As I carefully followed the news of the disengagement in Gush Katif last year, I ached for the loss of Israeli security, and for the homes, employment and lives that so many families were forced to give up. I felt connected as a Jew, but at the same time distant as a safe, content American.
A few months later I was asked to house three boys from Gush Katif who were to come to the United States to complete high school. All were from large families that were moving from place to place; they were athletes who had played together for a school team that no longer existed. Would I be willing to open up my home and my life – to have three total strangers join my household? We held a family meeting and the response was unanimous. How could we say no? Two weeks later they arrived at my door, and thus began our family’s bond with Yedidya, Barak and Yosef.
Upon meeting our new guests, it was quite apparent that their ordeal had had a dramatic effect on them. Yedidya gave me a framed picture of Gush Katif at sunset on the last evening before the withdrawal. This was one of thousands of pictures he had taken. He had albums and albums, and a slide show he’d created that depicted scenes far more vivid and intense then anything I’d seen in the media.
He reviewed, house by house and with tears and anger, the families of his former community. He showed me news articles that relayed how he had gone from community to community speaking about the injustice, hoping to prevent what they never really believed would happen. A picture of his former house was framed and placed next to his bed.
Yedidya was the most vocal of the boys, but all three were visibly pained and disoriented at the loss in their lives. They spoke about their mothers packing and unpacking, their jobs and financial security and self-worth suddenly gone, their lonely and confused siblings. They spoke about the many children who wound up in mental institutions in the months that followed, the promises that were broken, and their lack of respect for the politicians and the army.
These teenagers had minimal knowledge of English when they came. I was quite skeptical as to how they would manage taking high school-level courses in English. The school was adamant that they had to adjust to the regular program because there were no funds for supplemental teachers – no funds, in fact, for any extras. Yet people came forward to help and the boys more than managed. Neighbors tutored, supplied appropriate clothing in abundance, and tendered invitations for Shabbat meals and friendship.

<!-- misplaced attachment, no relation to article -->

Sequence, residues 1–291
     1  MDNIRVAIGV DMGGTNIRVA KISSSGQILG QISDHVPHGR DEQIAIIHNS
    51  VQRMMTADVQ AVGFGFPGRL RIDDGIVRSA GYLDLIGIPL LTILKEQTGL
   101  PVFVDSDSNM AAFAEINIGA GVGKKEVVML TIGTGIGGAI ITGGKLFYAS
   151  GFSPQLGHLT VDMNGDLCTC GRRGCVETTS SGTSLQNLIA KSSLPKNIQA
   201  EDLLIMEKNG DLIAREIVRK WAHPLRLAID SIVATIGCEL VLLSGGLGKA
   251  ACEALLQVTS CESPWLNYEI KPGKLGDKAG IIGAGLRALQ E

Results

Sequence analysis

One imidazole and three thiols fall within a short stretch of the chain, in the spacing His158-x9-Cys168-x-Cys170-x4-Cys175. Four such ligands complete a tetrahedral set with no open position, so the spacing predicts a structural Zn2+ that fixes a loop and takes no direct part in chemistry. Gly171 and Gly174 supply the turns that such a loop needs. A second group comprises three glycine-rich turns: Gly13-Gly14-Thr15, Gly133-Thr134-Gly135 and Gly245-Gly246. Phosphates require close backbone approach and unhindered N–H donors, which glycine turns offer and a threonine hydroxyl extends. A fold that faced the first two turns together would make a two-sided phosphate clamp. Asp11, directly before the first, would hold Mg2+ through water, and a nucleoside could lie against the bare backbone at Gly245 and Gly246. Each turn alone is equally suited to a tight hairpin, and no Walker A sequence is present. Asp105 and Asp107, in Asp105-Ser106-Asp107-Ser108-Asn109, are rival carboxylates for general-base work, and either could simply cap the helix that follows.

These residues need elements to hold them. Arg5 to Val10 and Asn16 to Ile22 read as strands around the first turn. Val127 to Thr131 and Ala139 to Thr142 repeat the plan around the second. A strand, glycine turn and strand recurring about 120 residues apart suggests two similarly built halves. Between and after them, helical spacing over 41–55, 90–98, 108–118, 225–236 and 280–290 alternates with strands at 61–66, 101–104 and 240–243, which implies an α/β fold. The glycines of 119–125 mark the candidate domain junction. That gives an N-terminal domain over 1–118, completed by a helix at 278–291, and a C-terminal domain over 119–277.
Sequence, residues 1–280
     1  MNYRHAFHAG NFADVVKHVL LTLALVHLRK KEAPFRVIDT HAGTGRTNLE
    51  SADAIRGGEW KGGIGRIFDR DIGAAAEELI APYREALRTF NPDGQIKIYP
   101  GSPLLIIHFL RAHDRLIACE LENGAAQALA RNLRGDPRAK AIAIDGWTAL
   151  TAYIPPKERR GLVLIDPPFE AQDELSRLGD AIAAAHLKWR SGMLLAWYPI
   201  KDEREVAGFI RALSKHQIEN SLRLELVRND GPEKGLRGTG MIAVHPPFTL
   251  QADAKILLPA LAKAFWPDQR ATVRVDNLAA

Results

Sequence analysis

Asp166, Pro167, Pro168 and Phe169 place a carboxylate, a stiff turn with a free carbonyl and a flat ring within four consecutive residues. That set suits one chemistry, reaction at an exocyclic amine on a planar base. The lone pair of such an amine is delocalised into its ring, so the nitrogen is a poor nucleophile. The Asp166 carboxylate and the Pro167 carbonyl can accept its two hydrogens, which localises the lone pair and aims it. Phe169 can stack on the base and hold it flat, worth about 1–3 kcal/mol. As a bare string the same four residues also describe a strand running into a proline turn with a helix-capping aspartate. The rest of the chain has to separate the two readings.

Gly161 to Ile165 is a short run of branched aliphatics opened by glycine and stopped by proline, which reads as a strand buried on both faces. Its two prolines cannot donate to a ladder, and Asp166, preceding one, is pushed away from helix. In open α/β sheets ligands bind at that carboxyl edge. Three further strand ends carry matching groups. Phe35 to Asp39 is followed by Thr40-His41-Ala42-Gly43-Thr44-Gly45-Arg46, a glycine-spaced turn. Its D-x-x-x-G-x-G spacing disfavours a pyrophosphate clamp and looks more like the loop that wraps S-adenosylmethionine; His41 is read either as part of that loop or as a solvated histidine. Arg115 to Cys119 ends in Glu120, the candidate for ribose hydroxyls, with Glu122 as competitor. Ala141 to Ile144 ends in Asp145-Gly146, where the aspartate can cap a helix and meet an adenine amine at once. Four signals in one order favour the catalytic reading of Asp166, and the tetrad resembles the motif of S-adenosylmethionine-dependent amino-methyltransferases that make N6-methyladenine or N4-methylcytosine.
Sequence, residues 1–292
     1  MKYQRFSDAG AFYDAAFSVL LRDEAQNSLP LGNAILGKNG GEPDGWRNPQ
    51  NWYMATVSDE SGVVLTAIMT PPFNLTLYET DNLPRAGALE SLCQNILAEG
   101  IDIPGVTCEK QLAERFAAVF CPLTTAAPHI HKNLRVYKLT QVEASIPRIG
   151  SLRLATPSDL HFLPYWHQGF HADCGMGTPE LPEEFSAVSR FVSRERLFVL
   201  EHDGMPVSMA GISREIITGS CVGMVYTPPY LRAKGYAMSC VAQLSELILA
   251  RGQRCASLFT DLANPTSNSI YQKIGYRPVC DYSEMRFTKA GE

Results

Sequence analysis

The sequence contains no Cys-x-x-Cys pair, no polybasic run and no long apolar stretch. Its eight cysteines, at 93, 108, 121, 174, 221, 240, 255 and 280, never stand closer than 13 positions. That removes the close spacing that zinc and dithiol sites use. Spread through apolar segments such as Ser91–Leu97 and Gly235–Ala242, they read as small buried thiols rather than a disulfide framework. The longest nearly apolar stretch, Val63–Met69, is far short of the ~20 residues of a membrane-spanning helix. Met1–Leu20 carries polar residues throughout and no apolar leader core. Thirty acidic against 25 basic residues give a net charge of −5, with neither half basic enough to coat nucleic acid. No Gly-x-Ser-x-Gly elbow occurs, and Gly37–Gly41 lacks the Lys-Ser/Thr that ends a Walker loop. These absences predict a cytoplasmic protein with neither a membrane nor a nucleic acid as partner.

My own family rose to the occasion in an unbelievable way. My elderly dad, who lives with me, helped the boys read and speak English. Our Gush Katif guests now know many old-time phrases with a distinctive Bronx accent. My own boys helped acclimate the Israelis to the American schedule – far more school than they were used to from Monday through Friday, and what do you do with that big Sunday break?
My daughter, Ilana, made sure to learn what each boy would and would not eat, shopped for me, and cooked numerous spicy meals in big hefty pots and pans. In fact, the boys had recipes sent from Israel to make sure Ilana knew how to make their favorite dishes. We all made the effort to see their soccer games, and shared in their sadness when they lost the final championship game.
There were also added benefits for us. Dad had new friends and a new position. All of us improved our Hebrew to an extent I would never have imagined. We are now all much more educated on the situation in Israel, and much more sensitive to the very real ramifications that we have seen first hand. Ilana is now an amazing Sephardic cook. My children received a lesson in sharing and loving our fellow Jews that surpassed anything taught in a classroom.
Yedidya, Barak and Yosef have returned home for the summer. My house is much quieter. The phones are not ringing as often and the stream of constant visitors has stopped. My kitchen and credit card are taking a well-deserved vacation.